Structural connectivity estimates are accurate: the outcome of diffusion-simulated connectivity (DiSCo) challenge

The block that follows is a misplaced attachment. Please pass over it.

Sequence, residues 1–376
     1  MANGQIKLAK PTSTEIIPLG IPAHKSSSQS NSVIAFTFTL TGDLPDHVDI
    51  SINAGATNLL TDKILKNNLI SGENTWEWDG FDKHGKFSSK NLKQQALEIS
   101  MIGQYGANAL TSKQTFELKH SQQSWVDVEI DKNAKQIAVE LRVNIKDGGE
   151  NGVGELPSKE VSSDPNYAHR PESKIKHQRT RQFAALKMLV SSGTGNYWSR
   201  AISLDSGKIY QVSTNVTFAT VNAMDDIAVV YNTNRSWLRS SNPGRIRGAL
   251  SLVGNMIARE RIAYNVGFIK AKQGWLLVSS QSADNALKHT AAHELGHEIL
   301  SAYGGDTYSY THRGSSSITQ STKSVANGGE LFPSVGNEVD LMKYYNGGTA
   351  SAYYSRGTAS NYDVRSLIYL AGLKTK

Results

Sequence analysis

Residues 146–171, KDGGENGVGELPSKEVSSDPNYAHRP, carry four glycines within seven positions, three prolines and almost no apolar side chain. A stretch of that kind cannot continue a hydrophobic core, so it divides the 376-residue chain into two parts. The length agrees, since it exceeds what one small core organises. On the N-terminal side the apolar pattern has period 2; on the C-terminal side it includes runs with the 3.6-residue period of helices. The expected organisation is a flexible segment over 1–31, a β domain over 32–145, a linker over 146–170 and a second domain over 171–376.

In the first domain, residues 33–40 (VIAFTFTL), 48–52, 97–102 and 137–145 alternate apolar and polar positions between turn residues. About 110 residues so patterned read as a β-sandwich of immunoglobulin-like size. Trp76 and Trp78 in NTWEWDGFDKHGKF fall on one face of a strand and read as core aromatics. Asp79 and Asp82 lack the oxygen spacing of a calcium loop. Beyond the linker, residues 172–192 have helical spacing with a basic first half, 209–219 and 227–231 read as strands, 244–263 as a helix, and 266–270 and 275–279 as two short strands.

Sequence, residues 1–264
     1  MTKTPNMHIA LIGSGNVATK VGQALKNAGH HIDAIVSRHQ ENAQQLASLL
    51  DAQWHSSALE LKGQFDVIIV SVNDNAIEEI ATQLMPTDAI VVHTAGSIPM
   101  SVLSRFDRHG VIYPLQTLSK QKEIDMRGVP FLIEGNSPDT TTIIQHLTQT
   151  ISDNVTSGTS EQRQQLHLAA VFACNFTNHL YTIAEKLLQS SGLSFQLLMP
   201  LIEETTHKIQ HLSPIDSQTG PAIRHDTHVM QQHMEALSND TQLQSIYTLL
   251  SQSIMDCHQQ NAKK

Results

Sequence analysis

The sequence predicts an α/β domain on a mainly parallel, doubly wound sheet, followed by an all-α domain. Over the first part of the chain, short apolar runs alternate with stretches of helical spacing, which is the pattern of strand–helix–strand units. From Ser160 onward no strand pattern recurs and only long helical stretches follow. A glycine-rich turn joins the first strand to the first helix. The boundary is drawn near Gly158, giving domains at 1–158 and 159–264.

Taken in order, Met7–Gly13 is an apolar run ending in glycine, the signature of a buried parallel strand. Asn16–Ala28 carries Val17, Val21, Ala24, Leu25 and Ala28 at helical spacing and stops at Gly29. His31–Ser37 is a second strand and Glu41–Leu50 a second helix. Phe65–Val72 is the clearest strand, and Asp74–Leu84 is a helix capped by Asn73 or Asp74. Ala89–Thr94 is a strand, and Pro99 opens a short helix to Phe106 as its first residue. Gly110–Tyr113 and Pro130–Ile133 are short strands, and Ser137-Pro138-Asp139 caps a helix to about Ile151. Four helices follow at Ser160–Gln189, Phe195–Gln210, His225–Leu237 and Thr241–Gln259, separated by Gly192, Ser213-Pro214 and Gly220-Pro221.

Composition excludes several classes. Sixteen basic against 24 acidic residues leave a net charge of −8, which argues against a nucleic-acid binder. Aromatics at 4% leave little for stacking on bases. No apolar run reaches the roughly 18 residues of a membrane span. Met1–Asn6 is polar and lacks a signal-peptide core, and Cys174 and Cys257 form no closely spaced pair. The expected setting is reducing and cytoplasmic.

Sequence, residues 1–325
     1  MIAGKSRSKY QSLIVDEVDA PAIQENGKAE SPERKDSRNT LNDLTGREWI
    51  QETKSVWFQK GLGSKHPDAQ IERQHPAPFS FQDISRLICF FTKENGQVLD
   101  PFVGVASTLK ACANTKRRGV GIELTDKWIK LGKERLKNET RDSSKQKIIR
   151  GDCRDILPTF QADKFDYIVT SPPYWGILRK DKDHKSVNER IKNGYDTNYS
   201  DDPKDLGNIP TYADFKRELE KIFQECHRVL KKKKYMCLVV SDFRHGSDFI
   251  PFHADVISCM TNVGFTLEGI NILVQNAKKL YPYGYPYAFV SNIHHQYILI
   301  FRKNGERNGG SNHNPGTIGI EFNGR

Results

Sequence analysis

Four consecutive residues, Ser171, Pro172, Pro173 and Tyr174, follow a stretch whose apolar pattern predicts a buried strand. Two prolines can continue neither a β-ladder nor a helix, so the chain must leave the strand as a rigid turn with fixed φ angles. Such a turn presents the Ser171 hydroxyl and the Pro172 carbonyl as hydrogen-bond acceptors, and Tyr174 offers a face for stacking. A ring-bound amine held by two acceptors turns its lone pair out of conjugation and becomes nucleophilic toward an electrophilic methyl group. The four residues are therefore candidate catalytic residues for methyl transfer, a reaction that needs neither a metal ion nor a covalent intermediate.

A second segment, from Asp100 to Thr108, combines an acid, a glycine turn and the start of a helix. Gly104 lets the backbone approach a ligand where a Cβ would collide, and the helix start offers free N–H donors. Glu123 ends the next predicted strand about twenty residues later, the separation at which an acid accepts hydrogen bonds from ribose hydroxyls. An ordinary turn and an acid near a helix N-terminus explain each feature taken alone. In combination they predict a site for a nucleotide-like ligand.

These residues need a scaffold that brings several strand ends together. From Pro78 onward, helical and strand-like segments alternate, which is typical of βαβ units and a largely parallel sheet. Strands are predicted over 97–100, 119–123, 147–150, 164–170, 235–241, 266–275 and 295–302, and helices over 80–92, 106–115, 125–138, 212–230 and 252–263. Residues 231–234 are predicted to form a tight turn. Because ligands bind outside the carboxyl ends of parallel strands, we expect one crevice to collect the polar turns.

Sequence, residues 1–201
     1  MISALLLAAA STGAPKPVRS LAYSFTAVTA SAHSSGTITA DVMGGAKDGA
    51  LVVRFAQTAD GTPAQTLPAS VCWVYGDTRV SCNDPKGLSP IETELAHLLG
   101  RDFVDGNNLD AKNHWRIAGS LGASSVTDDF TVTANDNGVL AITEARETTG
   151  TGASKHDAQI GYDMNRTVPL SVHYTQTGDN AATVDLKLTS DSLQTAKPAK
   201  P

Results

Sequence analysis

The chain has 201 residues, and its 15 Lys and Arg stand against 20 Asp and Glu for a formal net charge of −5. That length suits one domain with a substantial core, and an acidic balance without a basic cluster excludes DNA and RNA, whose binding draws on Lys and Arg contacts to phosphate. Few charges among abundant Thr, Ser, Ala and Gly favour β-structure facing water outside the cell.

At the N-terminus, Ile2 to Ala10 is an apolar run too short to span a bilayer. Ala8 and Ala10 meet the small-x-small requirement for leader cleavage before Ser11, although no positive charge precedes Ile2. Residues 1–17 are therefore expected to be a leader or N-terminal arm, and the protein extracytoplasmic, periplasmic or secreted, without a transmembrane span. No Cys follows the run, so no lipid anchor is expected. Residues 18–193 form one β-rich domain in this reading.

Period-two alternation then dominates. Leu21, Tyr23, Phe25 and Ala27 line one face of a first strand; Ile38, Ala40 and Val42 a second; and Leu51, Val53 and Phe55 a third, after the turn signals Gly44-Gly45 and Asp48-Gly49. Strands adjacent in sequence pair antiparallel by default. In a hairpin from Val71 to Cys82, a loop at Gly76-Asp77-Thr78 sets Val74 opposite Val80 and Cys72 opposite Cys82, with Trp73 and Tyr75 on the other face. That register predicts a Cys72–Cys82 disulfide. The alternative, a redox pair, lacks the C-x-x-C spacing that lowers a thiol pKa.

Gabriel Girard1,2,3, Jonathan Rafael-Patino2,3, Raphaël Truffet4, Dogu Baran Aydogan5,6,7, Nagesh Adluru8,9, Veena A. Nair9, Vivek Prabhakaran9, Barbara B. Bendlin10, Andrew L. Alexander8,11,12, Sara Bosticardo13,14, Ilaria Gabusi13,15, Mario Ocampo-Pineda13, Matteo Battocchio13,16, Zuzana Piskorova13,17, Pietro Bontempil13,18, Simona Schiavi19, Alessandro Daducci13, Aleksandra Stafiej20, Dominika Ciupek20, Fabian Bogusz20, Tomasz Pieciak21, Matteo Frigo22, Sara Sedlar22, Samuel Deslauriers-Gauthier22, Ivana Kojcic22, Mauro Zucchelli22, Hiba Laghrissi22, Yang Ji22, Rachid Deriche22, Kurt G Schilling23, Bennett A Landman23,24, Alberto Cacciola25, Gianpaolo Antonio Basile25, Salvatore Bertino25, Nancy Newlin24, Praitayini Kanakaraj24, Francois Rheault24, Patryk Filipiak26, Timothy Shepherd26, Ying-Chia Lin26, Dimitris G Placantonakis27, Fernando E Boada26, Steven H Baete26, Erick Hernández-Gutiérrez16, Alonso Ramírez-Manzanares28, Ricardo Coronado-Leija29, Pablo Stack-Sánchez28, Luis Concha30, Maxime Descoteaux16, Sina Mansour L31,32, Caio Seguin32,33, Andrew Zalesky31,32, Kenji Marshall3,34, Erick J Canales-Rodríguez3, Ye Wu35, Sahar Ahmad35, Pew-Thian Yap35, Antoine Théberge16, Florence Gagnon16, Frédéric Massi16, Juan Luis Villarreal Haro3, Marco Pizzolato3,36, Emmanuel Caruyer4, and Jean-Philippe Thiran1,2,3